Somewhere between 50 and 80 percent of ideas from new product development fail.
To the outsider, this figure seems wildly exaggerated. But somewhere along the line, this statistic has made its way to becoming the accepted norm.
What makes a staggering failure rate normal? Sometimes failures are known to the public or considered a “failure” but called by a different name. The prime example would be recalls, such as a vehicle or product recall due to a safety issue. This is a post-launch failure and can be costly both financially and time-wise, not to mention negatively impacting the brand’s public reputation.
Other times, failures occur before the product launches. Common today are the failures stemming from mistakes late in the production cycle because companies don’t have the right knowledge or the knowledge of the technology to make and correct mistakes sooner. Many of the biggest reasons for new product failures are preventable. Which new methods used by best-in-class New Product Development and Introduction (NPDI) organisations can help you reduce and eliminate failure?
New product development: the situation today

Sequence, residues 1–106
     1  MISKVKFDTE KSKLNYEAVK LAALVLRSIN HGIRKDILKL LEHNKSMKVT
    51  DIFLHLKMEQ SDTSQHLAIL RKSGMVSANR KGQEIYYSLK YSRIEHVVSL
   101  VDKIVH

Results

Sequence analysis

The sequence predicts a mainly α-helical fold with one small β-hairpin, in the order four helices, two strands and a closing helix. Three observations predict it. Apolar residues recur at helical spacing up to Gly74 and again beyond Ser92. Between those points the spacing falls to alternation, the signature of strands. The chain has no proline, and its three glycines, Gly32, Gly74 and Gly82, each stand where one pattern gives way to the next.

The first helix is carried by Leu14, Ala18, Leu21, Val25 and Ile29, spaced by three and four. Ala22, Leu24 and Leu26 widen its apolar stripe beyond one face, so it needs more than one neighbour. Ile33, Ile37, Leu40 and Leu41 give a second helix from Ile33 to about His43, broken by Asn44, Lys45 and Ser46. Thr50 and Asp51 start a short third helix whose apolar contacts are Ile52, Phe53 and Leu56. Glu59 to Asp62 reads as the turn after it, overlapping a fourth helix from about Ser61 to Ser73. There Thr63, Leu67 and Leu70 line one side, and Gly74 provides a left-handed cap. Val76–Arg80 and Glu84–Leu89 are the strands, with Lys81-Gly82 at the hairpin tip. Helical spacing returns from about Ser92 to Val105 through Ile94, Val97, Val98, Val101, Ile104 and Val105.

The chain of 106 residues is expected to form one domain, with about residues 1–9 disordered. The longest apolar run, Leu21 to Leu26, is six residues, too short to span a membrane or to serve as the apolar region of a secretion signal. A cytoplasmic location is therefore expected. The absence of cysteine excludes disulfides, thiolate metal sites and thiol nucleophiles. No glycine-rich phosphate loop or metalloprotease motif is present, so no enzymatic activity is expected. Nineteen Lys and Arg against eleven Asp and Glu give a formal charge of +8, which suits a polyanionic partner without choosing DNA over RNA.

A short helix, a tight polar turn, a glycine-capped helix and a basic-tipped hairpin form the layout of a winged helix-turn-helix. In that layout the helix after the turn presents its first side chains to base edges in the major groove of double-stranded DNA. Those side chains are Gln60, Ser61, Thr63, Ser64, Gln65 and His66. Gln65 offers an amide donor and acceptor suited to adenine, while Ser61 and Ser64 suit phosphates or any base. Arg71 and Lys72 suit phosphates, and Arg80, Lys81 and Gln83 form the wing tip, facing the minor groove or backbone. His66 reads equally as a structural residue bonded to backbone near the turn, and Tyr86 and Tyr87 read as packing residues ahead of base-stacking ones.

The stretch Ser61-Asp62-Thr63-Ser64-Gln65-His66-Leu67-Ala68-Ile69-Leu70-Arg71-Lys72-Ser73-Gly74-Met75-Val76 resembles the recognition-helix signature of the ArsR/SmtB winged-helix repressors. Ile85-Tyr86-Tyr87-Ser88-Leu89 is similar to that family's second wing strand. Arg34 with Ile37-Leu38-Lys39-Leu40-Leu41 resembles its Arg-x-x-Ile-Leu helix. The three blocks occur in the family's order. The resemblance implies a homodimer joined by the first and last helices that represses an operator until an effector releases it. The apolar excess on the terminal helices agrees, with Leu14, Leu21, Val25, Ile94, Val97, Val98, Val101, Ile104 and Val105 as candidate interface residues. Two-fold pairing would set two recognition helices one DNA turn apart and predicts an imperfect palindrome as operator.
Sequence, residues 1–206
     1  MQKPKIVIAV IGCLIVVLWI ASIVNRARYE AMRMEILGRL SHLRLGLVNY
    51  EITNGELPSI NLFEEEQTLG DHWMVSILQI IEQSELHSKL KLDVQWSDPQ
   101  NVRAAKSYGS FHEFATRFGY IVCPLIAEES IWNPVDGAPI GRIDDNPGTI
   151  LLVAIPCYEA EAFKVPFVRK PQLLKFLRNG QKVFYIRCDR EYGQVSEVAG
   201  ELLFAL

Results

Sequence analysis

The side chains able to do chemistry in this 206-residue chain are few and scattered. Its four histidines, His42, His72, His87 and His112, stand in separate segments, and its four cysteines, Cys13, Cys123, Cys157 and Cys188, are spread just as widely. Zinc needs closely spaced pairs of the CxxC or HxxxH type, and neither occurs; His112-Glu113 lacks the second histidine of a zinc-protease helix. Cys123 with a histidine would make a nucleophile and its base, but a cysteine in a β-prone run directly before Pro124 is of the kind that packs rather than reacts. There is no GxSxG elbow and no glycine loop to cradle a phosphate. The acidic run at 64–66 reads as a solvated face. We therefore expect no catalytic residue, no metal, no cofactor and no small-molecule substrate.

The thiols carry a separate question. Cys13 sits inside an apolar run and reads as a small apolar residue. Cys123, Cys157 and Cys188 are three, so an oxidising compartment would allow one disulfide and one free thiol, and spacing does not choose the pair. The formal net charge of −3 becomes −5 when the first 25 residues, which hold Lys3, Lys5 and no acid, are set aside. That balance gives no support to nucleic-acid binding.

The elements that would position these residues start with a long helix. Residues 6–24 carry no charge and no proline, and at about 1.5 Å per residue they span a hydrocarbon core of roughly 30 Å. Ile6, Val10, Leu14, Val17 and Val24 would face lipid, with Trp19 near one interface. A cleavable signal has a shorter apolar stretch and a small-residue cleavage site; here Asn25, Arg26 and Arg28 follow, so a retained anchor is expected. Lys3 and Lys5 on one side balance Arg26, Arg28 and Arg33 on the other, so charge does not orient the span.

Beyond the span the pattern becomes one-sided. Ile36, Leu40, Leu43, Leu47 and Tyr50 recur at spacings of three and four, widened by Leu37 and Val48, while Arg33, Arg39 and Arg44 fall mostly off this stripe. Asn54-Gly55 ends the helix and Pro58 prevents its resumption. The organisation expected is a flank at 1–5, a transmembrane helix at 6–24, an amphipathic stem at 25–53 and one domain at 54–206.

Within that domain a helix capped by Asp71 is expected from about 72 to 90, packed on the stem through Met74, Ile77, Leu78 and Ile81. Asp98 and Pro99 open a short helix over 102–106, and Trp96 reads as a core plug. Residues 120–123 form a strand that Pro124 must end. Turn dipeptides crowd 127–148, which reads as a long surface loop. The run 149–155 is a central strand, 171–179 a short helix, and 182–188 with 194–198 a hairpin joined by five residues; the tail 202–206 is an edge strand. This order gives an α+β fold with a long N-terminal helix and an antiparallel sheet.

We live in a disposable world. As technology advances, electronics just a few years old are considered out-of-date. From phones to clothes, disposable products are the norm and rare is the consumer interested in buying anything second hand, especially when new can be cheap.
Not long ago, it was just the Western culture that wanted to buy the latest and greatest consumer products. But as emerging markets such as China and India, where rural areas have been replaced by sprawling urban landscapes, continue to transition to manufacturing, they, too, are eager to adopt the lifestyle the West has enjoyed.
While the market demand for consumer products is at an all-time high, it will only continue to rise. It is expected that by 2021, there will be an estimated 27.1 billion smart devices in active circulation. Wireless technologies such as near-field communication, cellular and now 5G are bringing IoT connectivity to even the most basic products. Complexity, along with market demand, is also at an all-time high.